This week's West Cumberland Times printed the prize winner's entries to the Children's Corner competition 'My favourite song'. John Peel, Stable Yard, Lowther Castle, Penrith, won second prize. He wrote 'Nearly everyone's favourite song nowadays is some war song or other. I like a great many but I think the ones I like best are Keep the Home Fires Burning and In a British Barrack Square. They are two of the latest patriotic songs and are sung at all the concerts. I suppose in another six months' time that these will be almost forgotten, and there will be a lot of new ones; they are like fashions, they change with the seasons. We never hear now 'Tipperary', or 'Boys in Khaki'
Cockermouth Catch-My-Pal Society met tonight in the Wordsworth Room. Sergeant Litt, who is on leave for a short time, spoke deploring the excessive drinking still observable at many places, especially among women whose husbands were with the colours.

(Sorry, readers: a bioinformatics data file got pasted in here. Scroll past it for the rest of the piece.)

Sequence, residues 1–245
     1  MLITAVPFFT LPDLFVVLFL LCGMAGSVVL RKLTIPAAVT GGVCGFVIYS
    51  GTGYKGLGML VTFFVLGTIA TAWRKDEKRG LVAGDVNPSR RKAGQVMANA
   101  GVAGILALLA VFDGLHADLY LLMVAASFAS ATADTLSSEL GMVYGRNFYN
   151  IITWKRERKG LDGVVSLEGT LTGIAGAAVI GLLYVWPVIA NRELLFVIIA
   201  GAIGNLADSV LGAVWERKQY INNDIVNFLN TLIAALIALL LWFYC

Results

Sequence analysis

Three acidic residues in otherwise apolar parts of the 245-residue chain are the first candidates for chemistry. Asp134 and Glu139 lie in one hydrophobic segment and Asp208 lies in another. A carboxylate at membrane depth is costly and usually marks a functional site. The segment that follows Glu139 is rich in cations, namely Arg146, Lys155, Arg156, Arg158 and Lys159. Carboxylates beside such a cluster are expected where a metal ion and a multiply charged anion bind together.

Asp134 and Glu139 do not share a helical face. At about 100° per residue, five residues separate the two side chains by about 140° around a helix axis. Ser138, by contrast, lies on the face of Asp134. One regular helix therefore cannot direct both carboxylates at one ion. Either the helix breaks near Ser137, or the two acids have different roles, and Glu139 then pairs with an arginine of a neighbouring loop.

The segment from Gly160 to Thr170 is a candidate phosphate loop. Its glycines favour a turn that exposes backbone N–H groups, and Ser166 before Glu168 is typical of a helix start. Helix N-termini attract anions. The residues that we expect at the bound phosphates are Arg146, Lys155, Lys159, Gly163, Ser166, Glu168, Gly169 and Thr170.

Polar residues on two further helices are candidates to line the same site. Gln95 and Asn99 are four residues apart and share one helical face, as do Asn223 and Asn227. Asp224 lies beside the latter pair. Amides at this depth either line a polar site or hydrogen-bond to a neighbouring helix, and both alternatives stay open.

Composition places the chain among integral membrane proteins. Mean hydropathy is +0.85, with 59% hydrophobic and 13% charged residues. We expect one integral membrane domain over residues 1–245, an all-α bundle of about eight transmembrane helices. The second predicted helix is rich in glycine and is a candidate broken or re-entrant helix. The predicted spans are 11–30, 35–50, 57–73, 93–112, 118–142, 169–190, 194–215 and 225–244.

Mrs Hodgson, Furness Road, Maryport, whose son was killed in action on December 31st, has received a letter from another son on active service in France. He wrote 'Dear Mother, just a line or two to let you know, that I nearly dropped when I heard about poor Fred, but remember, mother, he died a noble death. I am ready to die the same death as Fred when my time comes, so you have nothing to be afraid of, or ashamed of in your two sons'.
The stoppage of slate quarries at Tilberthwaite and Elterwater is a misfortune for the people of Langdale and Coniston. The slate trade has fallen off sharply by reason of the war. From a third to a half of the ablest workmen engaged in getting the slate have gone away either to the war or the Furness mines, and those who remained have not been able to flourish. About forty are affected by the closing order. With the return of peace there may be a return of profit for the slate industry. Unlike the production of khaki, munitions or meat, it cannot thrive on war. The best hope which the temporary cessation of quarrying in the Lake District affords is that the adaptable men thrown out may soon find remunerative work on the land, in their own neighbourhood.